You Don’t Have to Be Fine

you don't have to be fine

Inside: you are the expert on your life and walking through grief or trauma, or other hard seasons of life, is not a race. We do it in our own time, and our own way, and it’s OK to not be fine.

It’s OK to not be fine.

When someone asks the inevitable, rote, “how are you?” it’s OK to opt out.

When it feels like friends or acquaintances think you should be better now, over your grief, through the storm and dry and steady on the other side, it’s OK to remind yourself that there is no timeline for walking through grief or trauma.

If you have days in which you feel normal and capable and burst into tears at awkward moments, if one day you feel hopeful and strong and the next you want to stay in bed and sob. You’re OK.

And it’s OK to not be fine.

When you’ve worked really hard to be healthy – mind, body, spirit healthy – and people make you feel wrong or broken because you’ve never completely overcome or resolved your struggle, you’ve learned to “manage” vs 100% “heal”, it’s OK to remember that you are the expert on your life. And sometimes we speak from good intentions without realizing the arrogance in our stance.

In seasons of life that feel mostly lovely and all is well but you have a down day, you feel angry, sad, afraid… you can remember that telling the truth and being real is healthy; life is complex and messy. And relentless positivity can be one more way of hiding and numbing. You don’t have to always be fine.

But when you experience something joyful and good things come your way, it’s also OK to laugh and rejoice and share the news with people. Your success or delight does not diminish that of others and if we’re to really live we must also make room for joy.

And even when life is painful or challenging you’re allowed to say yes to those bright happy moments of laughter and pleasure that flit your way. It’s OK to open up wide and feel and taste and rest in the beautiful moments even though there is also suffering and heartache in your life or world.

Life doesn’t have to be perfect to be beautiful and worth living and one day you’ll feel good again even if right now you don’t feel fine.

But it’s also OK to not be fine today.

Krista xo.

NOW WHAT? You might like these resource pages I made for you–On Grief: Living Whole and Brave after Loss  and For Wholeness And Joy Your Mental Health Matters.

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10 comments on “You Don’t Have to Be Fine

  1. I am definitely not ok today. haven’t been all past week, and surely not today. But I journaled, and so may be this will help getting to “managing” my not-ok and never-be.

    • Hi Olga, have you identified a short list of other habits/practices (like journaling) that help you stay steady so you don’t spiral downward? For instance, for me, walking, getting enough sleep, eating green food, drinking water, using favorite essential oils, hugs… these don’t fix life but help keep me steady. xo

      • Yes, I am keeping steady with the routine. But there are times when grief overwhelms. Despite never falling off the routine. It just takes time to claw back. From outside nobody would have never known (that link was spot on in your post). Unless you’re my husband, of course, and then I have to ask him to stand back and give me time. And feel guilty about his feeling bad for me. A circle of emotions.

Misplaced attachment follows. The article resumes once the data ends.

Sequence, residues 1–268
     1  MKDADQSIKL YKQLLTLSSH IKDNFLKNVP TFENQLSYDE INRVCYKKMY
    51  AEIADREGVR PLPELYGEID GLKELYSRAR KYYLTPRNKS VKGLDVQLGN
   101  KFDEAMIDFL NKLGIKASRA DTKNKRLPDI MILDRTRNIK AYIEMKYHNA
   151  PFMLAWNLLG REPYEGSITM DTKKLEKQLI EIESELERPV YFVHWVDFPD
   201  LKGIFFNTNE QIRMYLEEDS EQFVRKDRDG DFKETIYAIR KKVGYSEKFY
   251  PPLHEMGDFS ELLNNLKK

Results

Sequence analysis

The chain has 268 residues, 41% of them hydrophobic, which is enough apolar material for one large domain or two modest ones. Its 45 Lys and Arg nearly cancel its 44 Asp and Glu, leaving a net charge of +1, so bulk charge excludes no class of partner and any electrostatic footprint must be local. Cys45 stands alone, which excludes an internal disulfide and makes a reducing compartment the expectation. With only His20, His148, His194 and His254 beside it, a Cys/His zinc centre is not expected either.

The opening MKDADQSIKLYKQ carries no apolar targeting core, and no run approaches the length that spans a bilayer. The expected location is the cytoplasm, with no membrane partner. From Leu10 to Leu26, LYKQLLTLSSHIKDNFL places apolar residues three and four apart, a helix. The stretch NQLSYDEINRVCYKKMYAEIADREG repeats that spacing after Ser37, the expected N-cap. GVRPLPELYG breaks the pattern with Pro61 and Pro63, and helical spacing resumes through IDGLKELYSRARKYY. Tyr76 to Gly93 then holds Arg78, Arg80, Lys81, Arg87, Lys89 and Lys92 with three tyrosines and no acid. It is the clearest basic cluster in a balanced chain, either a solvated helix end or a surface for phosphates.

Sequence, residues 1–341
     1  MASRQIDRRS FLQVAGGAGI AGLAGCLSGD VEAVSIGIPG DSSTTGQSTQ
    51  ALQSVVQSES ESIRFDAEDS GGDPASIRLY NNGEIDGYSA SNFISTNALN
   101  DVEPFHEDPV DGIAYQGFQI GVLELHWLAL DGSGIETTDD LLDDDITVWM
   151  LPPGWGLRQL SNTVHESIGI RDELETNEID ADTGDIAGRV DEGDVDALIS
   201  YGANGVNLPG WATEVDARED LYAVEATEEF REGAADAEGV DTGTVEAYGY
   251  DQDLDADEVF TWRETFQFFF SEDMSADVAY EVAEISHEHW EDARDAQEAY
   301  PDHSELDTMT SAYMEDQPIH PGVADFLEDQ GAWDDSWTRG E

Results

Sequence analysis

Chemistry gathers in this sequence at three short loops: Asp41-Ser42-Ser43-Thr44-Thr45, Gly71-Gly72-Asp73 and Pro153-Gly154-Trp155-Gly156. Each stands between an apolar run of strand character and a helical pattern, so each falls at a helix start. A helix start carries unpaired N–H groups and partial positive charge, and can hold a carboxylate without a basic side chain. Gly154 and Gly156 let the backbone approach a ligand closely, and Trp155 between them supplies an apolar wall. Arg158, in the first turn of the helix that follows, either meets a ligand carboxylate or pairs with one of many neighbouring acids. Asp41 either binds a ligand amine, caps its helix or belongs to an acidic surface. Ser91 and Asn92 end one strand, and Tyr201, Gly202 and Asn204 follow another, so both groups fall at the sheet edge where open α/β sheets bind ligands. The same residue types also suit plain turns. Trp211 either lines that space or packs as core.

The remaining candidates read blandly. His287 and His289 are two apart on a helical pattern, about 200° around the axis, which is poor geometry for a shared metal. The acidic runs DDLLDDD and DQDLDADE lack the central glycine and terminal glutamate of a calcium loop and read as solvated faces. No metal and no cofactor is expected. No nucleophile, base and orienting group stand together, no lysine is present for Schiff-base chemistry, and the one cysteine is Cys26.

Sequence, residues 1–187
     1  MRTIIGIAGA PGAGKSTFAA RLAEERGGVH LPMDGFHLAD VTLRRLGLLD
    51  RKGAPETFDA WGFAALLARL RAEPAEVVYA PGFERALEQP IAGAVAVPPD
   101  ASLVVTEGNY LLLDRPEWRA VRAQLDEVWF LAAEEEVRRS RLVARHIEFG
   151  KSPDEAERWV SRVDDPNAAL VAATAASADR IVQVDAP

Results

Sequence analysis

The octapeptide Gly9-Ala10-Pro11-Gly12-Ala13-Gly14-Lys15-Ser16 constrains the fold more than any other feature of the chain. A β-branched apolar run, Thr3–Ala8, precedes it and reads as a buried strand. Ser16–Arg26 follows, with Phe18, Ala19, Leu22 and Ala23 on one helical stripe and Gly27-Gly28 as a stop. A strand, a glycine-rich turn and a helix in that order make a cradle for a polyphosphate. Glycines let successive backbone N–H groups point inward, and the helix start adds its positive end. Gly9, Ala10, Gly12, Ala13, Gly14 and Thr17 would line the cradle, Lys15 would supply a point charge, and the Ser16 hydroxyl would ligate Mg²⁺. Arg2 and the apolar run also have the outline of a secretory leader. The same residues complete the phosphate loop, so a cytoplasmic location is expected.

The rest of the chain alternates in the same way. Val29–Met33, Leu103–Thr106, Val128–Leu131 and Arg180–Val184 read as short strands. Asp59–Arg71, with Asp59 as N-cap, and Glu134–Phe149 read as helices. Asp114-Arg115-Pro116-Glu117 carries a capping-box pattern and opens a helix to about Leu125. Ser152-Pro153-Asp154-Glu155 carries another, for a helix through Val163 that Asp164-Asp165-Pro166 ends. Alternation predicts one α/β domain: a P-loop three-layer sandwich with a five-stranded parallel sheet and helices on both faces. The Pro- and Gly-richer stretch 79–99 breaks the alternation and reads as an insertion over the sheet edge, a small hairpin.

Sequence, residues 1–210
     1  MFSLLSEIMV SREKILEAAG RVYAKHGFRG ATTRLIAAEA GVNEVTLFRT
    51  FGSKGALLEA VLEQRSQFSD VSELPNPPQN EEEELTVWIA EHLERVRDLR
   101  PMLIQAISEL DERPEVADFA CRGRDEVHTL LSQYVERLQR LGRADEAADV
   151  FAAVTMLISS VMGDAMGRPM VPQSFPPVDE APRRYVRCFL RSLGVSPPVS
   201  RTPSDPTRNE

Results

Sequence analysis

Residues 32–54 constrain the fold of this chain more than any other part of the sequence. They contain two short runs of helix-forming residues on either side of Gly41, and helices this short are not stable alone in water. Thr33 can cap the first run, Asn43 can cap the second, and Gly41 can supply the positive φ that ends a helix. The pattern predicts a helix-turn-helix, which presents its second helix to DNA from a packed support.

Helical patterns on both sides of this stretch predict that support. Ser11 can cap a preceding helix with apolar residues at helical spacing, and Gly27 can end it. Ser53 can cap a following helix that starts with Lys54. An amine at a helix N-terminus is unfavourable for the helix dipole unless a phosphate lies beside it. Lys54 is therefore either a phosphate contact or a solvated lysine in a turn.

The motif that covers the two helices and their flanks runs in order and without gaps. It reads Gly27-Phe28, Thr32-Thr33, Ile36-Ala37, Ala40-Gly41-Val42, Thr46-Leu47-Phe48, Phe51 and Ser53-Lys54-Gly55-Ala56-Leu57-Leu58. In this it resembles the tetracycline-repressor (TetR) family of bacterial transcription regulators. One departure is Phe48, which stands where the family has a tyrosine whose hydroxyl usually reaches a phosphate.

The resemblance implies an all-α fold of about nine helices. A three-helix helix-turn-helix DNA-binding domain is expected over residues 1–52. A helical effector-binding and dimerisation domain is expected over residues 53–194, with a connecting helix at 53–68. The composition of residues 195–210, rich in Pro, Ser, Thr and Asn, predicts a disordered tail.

2. What a relief to hear these words! I’ve never been a fan of “How are you?” as simply a greeting. If I ask someone how they are, I really mean it! And alot of people arent “fine”. So many times, a total stranger will open up (e.g. grocery store clerk, etc) & then look at me wide-eyed & say they are sorry for “dumping” on me or “saying too much”, etc. I love that because I thrive on people being real. My struggle now is giving myself that same compassion. That its okay that I’m not fine right now & not feel embarrased or sorry for it.
    Your writing resonates with me in a very big way. Thank you so much for putting yourself out there & inspiring & encouraging others. (Cant believe I just “put myself out there” by even commenting😅)

  3. Thank you. I have been “opting out” lately because the middle of grief is not (usually) a place to go deeper with a long-lost acquaintance, or expand my circle of friends. And sometimes it feels like they are prying (probably they are just wanting to help and really do care). But I say no. And thanks for offering if I can manage it.

  4. I wonder how people “opt out”? I understand the concept, but what kind of response do you give people if you want to be honest and also don’t want to share?

    • Thanks for asking that – here is what I do:
      If it feels comfortable I might deflect with a smile and possibly a question to steer the conversation another way. Often people don’t mind this because they only asked the question out of habit.
      Otherwise, I simply say “I’m opting out of that question these days.” Many local people have heard this from me over the past many months.
      Third, sometimes I look for something that feels authentic/honest – I might say something like “I’m happy to be here right now” or “I’m happy to see you.”
      Since authenticity/integrity is so important to me, these options, depending on the circumstance, help me feel I’m being honest but not unfriendly.

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